Thursday, March 30, 2006


I got up early this morning hoping to talk to the nice people at Moyes in Sydney before they left for the day. I was never able to get the call to go through on my cell phone but I did get several nice pictures of sunrise over the airfield.

The forecasted light southeast wind turned out to be a moderate east wind so everyone quickly ditched the idea of “going long” today. Some pilots planned a long out-and-back crosswind task and some decided to rest. I decided to tune my glider which turned out to be the right thing to do. I spent the morning and early afternoon disassembling, changing, and reassembling my glider and then spent the later afternoon flying.

Since I didn’t have a driver, I decided to work upwind so I could blow back home if I got low. I spent most of the afternoon (2 hours 45 minutes) floating around at cloud base checking out changes I made to the glider, chasing birds, scoping out the scenery, and getting cold. I definitely like how the glider now handles and probably will not change anything major before the competitions.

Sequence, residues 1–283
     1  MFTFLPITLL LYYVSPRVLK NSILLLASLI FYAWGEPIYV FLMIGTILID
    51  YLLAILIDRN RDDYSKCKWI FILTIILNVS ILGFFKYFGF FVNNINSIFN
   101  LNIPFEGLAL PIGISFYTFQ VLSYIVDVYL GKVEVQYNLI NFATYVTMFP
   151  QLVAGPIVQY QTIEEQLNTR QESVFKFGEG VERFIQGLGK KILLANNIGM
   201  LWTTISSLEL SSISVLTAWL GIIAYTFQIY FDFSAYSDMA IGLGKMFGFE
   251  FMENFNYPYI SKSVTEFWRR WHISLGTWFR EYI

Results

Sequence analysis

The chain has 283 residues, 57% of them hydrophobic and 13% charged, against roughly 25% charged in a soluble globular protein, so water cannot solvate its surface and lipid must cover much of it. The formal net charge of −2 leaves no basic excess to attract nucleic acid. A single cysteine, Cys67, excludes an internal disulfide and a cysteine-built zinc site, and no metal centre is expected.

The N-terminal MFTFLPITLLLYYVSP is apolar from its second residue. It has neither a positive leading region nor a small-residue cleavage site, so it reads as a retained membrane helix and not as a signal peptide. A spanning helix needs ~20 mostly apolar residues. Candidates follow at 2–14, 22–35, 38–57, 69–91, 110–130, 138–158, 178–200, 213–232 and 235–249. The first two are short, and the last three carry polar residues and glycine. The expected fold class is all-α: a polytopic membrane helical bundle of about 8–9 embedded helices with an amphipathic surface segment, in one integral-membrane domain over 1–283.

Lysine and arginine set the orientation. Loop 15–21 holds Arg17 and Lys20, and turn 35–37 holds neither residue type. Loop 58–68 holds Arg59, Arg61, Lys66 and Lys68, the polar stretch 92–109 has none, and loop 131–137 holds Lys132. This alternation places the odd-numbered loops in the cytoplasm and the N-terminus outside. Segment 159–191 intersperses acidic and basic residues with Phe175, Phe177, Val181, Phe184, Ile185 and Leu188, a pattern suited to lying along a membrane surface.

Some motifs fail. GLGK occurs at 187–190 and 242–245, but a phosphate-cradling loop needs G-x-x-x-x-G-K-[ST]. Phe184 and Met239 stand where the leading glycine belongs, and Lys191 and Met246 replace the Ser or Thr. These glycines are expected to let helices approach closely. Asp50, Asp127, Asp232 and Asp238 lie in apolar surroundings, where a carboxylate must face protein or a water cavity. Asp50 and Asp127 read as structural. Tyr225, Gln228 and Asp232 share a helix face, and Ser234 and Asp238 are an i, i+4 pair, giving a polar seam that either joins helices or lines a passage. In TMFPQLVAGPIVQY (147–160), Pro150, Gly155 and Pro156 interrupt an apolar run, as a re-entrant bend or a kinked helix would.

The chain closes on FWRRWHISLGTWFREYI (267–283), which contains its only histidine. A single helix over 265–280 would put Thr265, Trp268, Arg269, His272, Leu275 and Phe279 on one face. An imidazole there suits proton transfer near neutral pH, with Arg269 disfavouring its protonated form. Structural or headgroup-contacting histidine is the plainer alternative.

John Chambers showed up last night and managed to get a reacquainted flight this afternoon. The weather continues to look good for the near future, so more flying is probably in my future. Life is tough. ;-)

Wednesday, March 29, 2006

Around We Go

The day started early today. I was setting up my new glider for its maiden flight when Julie launched around 9:30 for what everyone thought would be a glassy sled ride. She proved us wrong by avoiding the ground for a long time. After she eventually landed I took off for a quick test flight and flew for 45 minutes and had to work to get back on the ground.